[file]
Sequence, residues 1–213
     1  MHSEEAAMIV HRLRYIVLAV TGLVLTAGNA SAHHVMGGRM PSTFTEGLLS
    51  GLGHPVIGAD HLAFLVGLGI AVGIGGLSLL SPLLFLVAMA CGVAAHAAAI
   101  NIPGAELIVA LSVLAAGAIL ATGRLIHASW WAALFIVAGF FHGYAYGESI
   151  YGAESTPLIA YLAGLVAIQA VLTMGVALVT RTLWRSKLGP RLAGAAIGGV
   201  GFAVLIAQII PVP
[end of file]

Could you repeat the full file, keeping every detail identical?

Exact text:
Sequence, residues 1–213
     1  MHSEEAAMIV HRLRYIVLAV TGLVLTAGNA SAHHVMGGRM PSTFTEGLLS
    51  GLGHPVIGAD HLAFLVGLGI AVGIGGLSLL SPLLFLVAMA CGVAAHAAAI
   101  NIPGAELIVA LSVLAAGAIL ATGRLIHASW WAALFIVAGF FHGYAYGESI
   151  YGAESTPLIA YLAGLVAIQA VLTMGVALVT RTLWRSKLGP RLAGAAIGGV
   201  GFAVLIAQII PVP